Germany. Wood , leather, iron.
The Saxon Electoral armouries, Dresden. Transferred with the majority of the contents of the electoral armouries to the Historisches Museum, Dresden, circa 1832. Possibly one of the five identical powder-flasks, each complete with its set of leather suspension frog (‘port-flask’) and bullet-pouch, which were included in auction sales from the Dresden museum conducted in 1919 and 1927, by Rudolph Lepke, Berlin: see for example lots 734 and 735 in the 1919 auction catalogue. A further single example had been sold from private ownership in 1891.
Of these examples cited above, one is now in the Royal Armouries Collection, Leeds, another was subsequently sold from the Keasby Collection, New York 1924, another was sold from the Folke-Elliot Collection in 1959, and another was formerly in the renowned collection of the late R.T.Gwynn.
Powder-flasks of this distinctive design formed a part of the uniform equipment of the musketeers’ contingent of the personal guard of the Saxon Prince Electors Christian II (r. 1591-1611), and also the guard of his successor, his brother Johann Georg I (r. 1611-1656). In keeping with the known examples from this series, this flask is preserved in near-new condition, the body retaining all of its original black ebonised stain and the iron mounts nearly all of their bright blue/black finish. The curved flat-sided wooden body was stained to imitate ebony, an exotic wood then notably expensive and much prized for its beauty and luxury status. The outer face of the body is carved in low relief with the figure of a soldier armed with a military spear, a weapon typically carried as an emblem of foot officers’ rank. The figure of the soldier is accurately shown in the elaborate puffed and slashed dress widely worn both at the end of the 16th century and at the beginning of the 17th century, shown complete with the officer’s sash and prominent rosettes then fashionable in the uniforms of North European state guards. Strikingly similar representations of soldiers of the period are found in the contemporary engravings and woodcuts of artists such as Hendrick Goltzius (1558-1617) and Jost Amman (d. 1591), and it is most likely that works of this type provided the model for the carvers of this series of powder-flasks.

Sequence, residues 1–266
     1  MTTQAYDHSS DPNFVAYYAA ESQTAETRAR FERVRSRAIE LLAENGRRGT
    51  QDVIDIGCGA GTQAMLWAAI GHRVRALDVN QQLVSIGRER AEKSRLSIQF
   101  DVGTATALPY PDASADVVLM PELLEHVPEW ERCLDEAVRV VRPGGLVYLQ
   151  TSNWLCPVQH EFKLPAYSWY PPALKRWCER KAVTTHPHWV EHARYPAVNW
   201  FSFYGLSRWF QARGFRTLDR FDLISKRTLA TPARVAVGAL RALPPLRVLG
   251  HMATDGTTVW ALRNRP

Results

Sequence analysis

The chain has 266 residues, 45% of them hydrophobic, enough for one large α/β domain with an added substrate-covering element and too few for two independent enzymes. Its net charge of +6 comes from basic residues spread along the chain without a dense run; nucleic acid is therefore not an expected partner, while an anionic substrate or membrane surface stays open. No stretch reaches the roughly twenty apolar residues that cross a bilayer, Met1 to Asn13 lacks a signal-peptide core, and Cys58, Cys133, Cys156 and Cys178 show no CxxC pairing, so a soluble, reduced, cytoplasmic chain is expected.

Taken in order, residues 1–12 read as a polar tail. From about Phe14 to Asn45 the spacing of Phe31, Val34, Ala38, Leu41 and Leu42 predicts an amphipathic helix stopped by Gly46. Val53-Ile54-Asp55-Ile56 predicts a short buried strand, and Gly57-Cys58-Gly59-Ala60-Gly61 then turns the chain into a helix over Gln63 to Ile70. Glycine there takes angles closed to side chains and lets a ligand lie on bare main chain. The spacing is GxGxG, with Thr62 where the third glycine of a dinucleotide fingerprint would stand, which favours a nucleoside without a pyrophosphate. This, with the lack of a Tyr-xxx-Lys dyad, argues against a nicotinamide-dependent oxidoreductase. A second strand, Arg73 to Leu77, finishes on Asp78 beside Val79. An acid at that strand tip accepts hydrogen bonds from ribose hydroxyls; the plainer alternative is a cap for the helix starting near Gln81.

This flask is correctly mounted by an inner hook and from plaited leather thongs at the sides onto its original leather suspension strap, the latter referred to in an English late 16th century account of military arms and equipment as a ‘port-flask’: see Barret 1598, cited in reference to a Saxon powder-flask of this type in the Wallace Collection, London (A 1284), see Norman 1986.
The upper portion of the leather port-flask is in turn fitted with a covered leather pouch decorated with shell-like pattern of applied pale leather strips. The pouch forms storage for musket bullets and has fitted provision for three prepared cartridges. Additionally noteworthy is the fine state of preservation of the leather parts, which are complete with the original thongs for suspension.
From an historic count of fifty, twenty-one such flasks and their leather mounts remain in the former electoral armouries collection in Dresden, now the Rüstkammer, Staatliche Kunstsammlungen Dresden: see Morstein 2012-13, p.128, cat. no. 61.
In addition to the Wallace Collection, further examples of Saxon flasks of this type dispersed from Dresden are preserved in most of the leading international public collections of antique arms. See for example The Metropolitan Museum of Art, New York (Inv. No. 26.259.7), and another in The von Kienbusch Collection in The Philadelphia Museum of Art, see von Kienbusch 1963, cat. no. 721.
A further example, formerly in the Kelly collection, was included in the exhibition catalogue “The Sumptuous Flaske”, Houze 1989, cat. no. 22.
Barret, The theorike and practike of moderne warres, London 1598
Herbert G. Houze, The Sumptuous Flaske, exhibition catalogue, Buffalo Bill Historical Center, Cody, Wyoming, Rhode Island 1989
C. Otto von Kienbusch, The Kretzschmar von Kienbusch Collection of Armor and Arms, Princeton 1963
Sir James Mann, Wallace Collection Catalogues, European Arms and Armour, Vol. II, London 1962
Maria Morstein (contributing cataloguer), Churfüstliche Guardie, exhibition catalogue, Schloss Hartenfels, Torgau 2012-13
A.V.B. Norman, Wallace Collection Catalogues, European Arms and Armour Supplement, London 1986
Size: Powder flask length 19.5 cm / 7.7 in, Width 11cm / 4.3 in